Tanker-lorry owners complain that panchayats and villages from where they usually take water to supply to city-folks are now blocking them from doing so.

Kochi water crisis Suburbs refuse to share water with city fearing drought
news Drought Monday, January 02, 2017 - 18:23

Kochi city is reeling under water shortage, so much so that suburbs refuse to share water with their city counterparts. Tanker-lorry owners complain that panchayats and villages from where they usually take water to supply to city-folks are now blocking them from doing so.

Aluva, Puthencruz, Kalamassery, Thiruvaniyoor, Kakkanad, Thiruvankulam and Tripunithura that lie on the outskirts of the city, are places from where water is normally sourced for supply to the city.

But with the real danger of a drought lurking ahead, locals in these areas are beginning to protest against such sharing of water.

“This is the season for tanker-service. The demand is very high, compared to the previous year. It is mainly flats and apartments that demand our service. Water from the Kerala Water Authority (KWA) is scarce during summers. This time with the prolonged heat, the situation is even worse. We now face a huge crisis owing to these protests,” says PA Ali -joint secretary of the Ernakulam District Drinking Water Tankers Welfare Association- while speaking to The News Minute.

According to Ali, it is the norm for tanker-lorry owners to take wells or ponds on lease: “Good quality water is available only in the suburbs. Come to think of it, when we draw water in such large quantities, it is a given that nearby wells will face water shortage. But we are left with no choice. We do pay a good amount every year to rent these wells and ponds.”

Of the 55 tanker-lorry owners in the association, some members own one or two lorries, while others own about 25. All these lorries run throughout the day in this peak season. Yet they are unable to meet the high demand due to the blocking of supply, despite about 400 tankers plying for this very purpose.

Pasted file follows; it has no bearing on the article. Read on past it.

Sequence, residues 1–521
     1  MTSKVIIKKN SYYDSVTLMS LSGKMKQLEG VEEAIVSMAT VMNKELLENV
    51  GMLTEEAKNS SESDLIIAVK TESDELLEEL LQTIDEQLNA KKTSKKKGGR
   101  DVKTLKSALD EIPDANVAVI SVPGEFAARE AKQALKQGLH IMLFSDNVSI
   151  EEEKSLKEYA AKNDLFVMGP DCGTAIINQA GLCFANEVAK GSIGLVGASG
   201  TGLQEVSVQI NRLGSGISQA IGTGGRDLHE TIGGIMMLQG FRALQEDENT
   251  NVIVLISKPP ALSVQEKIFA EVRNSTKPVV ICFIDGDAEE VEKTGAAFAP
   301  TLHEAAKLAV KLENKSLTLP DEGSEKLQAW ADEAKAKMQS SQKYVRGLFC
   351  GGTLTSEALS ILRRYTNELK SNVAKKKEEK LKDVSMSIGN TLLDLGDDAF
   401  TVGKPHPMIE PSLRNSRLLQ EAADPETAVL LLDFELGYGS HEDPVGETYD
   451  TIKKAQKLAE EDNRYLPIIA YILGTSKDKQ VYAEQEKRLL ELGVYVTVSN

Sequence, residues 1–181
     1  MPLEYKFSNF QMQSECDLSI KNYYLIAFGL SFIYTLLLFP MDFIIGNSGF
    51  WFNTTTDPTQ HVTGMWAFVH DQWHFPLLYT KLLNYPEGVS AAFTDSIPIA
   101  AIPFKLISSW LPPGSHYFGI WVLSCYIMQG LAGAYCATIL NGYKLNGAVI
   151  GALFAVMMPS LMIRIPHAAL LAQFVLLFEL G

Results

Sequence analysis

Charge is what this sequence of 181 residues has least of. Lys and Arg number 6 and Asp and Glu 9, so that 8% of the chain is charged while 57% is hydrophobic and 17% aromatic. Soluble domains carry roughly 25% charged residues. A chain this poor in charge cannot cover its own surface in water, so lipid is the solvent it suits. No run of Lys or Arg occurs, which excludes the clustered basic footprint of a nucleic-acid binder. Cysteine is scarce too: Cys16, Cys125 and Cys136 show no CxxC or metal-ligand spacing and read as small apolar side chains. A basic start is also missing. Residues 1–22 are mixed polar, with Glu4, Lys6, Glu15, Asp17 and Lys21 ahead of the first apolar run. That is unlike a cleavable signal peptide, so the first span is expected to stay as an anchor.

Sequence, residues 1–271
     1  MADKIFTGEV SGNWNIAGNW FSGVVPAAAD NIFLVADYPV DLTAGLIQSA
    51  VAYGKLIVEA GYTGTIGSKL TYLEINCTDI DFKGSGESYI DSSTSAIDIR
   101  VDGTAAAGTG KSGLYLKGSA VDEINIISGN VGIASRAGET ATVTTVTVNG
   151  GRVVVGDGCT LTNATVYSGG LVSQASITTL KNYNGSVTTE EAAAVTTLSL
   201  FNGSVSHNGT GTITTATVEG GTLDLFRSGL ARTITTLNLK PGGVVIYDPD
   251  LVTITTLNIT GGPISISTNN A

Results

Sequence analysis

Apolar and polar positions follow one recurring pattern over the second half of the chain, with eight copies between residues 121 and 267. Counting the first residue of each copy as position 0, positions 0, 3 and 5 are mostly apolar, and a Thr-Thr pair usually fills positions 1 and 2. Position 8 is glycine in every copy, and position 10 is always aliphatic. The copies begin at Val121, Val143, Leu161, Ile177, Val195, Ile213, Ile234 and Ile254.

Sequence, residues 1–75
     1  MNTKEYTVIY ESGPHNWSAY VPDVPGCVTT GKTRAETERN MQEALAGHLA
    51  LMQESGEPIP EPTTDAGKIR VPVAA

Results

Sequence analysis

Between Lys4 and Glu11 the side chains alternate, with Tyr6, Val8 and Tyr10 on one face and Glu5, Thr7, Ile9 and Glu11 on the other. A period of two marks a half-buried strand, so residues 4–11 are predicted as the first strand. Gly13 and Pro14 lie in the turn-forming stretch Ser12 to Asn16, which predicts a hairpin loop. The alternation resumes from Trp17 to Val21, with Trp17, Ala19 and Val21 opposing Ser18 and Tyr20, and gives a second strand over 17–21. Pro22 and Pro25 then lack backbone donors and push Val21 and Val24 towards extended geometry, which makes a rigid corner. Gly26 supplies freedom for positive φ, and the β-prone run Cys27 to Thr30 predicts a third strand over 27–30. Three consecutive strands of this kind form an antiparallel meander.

“Whenever residents raise objections, we stop work to avoid creating a scene. This year, the ground-water level is very low. We cannot blame them for their attitude.  Many panchayats have even passed resolutions to restrict the drawing of water,” remarks Sakir Husein -resident of the welfare association.

Thiruvaniyoor Grama Panchayat is one such.

“We do know that that those in the city need water, but once we allow them to draw water, our wells dry up. We were forced to take a decision based on the numerous complaints we have received from the natives. So in a meeting with the tanker-lorry owners, it was decided that they be allowed to draw water only at a pre-decided time during the day. Earlier, they used to do so even at night. Water shortage is very severe in this panchayat, with water not available for even household chores,” explains IV Shaji -Thiruvaniyoor Panchayat Standing Committee Chairperson.

For those who live within the city limits, tankers are a lifeline that they depend on for use in the kitchen, since water supplied by the KWA water is not of good quality during summers.

“We have absolutely no clue about what will happen when summer really begins in a couple of months. The demand has never been this high,” says Sakir Husein, sounding worried.




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